And when it is all over, who does everyone blame? The parents. Bad parenting. Were they abused? No. Hey, the parents went to fucking parent-teacher conferences which in many schools is an amazing accomplishment in itself. Sure he acted weird, but interacting with him showed nothing more than average teenage angst. Ironically, if the parents had come down hard on the video games and trenchcoats and poor choice in music, they probably would have focused on their parents and like 90% of suburbia, blamed everything on them up until grad school.

I'm no saying their model parents by any means, but Columbine wasn't exactly Sesame Street. I've worked with a guy who graduated a year or two ahead of this and spent some time with his friends a couple times after work. These are average, normal people -- dare I even say were probably popular students. And not one had anything good to say about Columbine, or the community. They way they describe it, it was some sort of Revolutionary Road hell where the real problems were not the lack of culture, lack of diversity, it was that no one cared. It was a prosperous suburb in the late 90s, everyone had only known things going up. This year you buy the house, next year you're buying the luxury car. You can bury yourself in your job and you'll be steadily rewarded. They make it sound almost like some sort of narcotic haze.

Take your normal high school clique experience and then multiply it by writing a paper describing how you'll brutally kill everyone in it and at most you'll get a passing reference to your parents about how it was disturbing. Sort of like finding a dead bird in your yard, ignore it and a cat will carry it away.

Obviously they deserve a lot of responsibility in regards to their actions, but blaming it just on parenting or lax gun control laws is a little too easy. But when you have two teenagers who think the only life after high school is the same mundane, brutal existence they've known all their life and the only recourse is some sort of paranoid fantasy? There's plenty of blame to go around on that one.
posted by geoff. at 12:52 PM on October 14, 2009 [40 favorites]


I hid a 6-foot long potato cannon from my parents for three years before my mom found it. She asked for a demonstration, not knowing exactly what it was (and thinking it might be a bong). When she saw me take board out of our privacy fence with, she confiscated it.
posted by spikeleemajortomdickandharryconnickjrmints at 12:53 PM on October 14, 2009 [6 favorites]


I don't know about the guns and bombs, but when it comes to their mental states...as a teenager and (to a somewhat lesser extent) while in university I was often close to suicidally depressed, and my parents had no idea. When I finally told them they were shocked. To all appearances I was a pretty happy kid.
posted by you just lost the game at 12:55 PM on October 14, 2009 [8 favorites]


The most interesting detail in the longer linked-piece (the original article) is that Klebold's mother worked at a location 27 miles from their home, meaning she probably commuted about 45 minutes or an hour to work, and she also probably worked long hours.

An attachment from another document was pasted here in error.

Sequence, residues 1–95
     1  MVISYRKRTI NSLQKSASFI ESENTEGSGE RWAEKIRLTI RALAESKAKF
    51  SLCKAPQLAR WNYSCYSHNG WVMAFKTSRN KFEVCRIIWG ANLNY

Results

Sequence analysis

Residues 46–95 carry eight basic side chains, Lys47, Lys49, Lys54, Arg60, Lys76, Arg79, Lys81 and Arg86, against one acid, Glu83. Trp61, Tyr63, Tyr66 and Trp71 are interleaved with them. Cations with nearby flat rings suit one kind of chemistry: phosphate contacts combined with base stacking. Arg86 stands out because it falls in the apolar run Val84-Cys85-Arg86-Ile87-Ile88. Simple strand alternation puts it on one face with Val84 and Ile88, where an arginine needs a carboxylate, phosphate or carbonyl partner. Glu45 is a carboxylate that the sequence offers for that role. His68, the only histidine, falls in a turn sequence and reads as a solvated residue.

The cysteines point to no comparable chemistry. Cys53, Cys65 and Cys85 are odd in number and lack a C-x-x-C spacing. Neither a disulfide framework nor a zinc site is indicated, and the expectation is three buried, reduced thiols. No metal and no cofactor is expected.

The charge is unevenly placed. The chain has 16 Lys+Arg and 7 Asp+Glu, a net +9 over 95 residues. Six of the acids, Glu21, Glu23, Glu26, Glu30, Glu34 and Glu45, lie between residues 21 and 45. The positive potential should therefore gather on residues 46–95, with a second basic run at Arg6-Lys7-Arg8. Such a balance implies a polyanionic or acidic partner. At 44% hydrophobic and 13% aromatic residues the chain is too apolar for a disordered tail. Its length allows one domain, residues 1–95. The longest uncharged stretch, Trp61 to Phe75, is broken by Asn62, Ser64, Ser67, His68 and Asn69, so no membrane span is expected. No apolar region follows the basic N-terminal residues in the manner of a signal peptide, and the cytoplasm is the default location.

Why does the distance from their home imply she works long hours?
posted by chunking express at 12:57 PM on October 14, 2009


KokuRyu: "Also, http://en.wikipedia.org/wiki/Eric_Harris_and_Dylan_Klebold#Acquiring_arms says nothing about "mail order".

You're absolutely right; I made a mistake.

And, in reflection, it's probably pretty easy to hide stuff from your parents. Most high school kids have part-time jobs and a lot of autonomy.

The most interesting detail in the longer linked-piece (the original article) is that Klebold's mother worked at a location 27 miles from their home, meaning she probably commuted about 45 minutes or an hour to work, and she also probably worked long hours.
"

Long commute <> Long hours

And why is that a remotely interesting detail?
posted by jckll at 12:58 PM on October 14, 2009


I picked up Columbine by Dave Cullen this year without ever having been terribly interested in the tragedy. I thought it was an excellent read and extremely informative. After that read, it's pretty shocking to see this article. I didn't ever think that either of the shooters' parents would speak to the press.
posted by hue at 12:59 PM on October 14, 2009 [5 favorites]


And why is that a remotely interesting detail?

The implication is that they were remote parents who spent little time with their teenage sons. The parent's own description is very likely to be biased towards putting them in a positive light but there's no objective way to really know how much time the parents spent with their kids.
posted by GuyZero at 1:04 PM on October 14, 2009


I'm two thirds of the way through the Cullen book, and I can't recommend it enough.

It's worth emphasizing that this was in no way revenge or the result of a tough high school. Eric Harris was a full blown psychopath who had no regard for human life except as a tool to make him feel something. Dylan Klebold was a depressive unlucky enough to be caught in his wake as often happens with that combination.

They were not picked on, they were not unpopular, they were not goths or part of the trench coat mafia. Harris's stated goal from his journals was to outdo the body count of the Oklahoma city bombing. And had he been better at constructing home made explosives, he would have succeeded.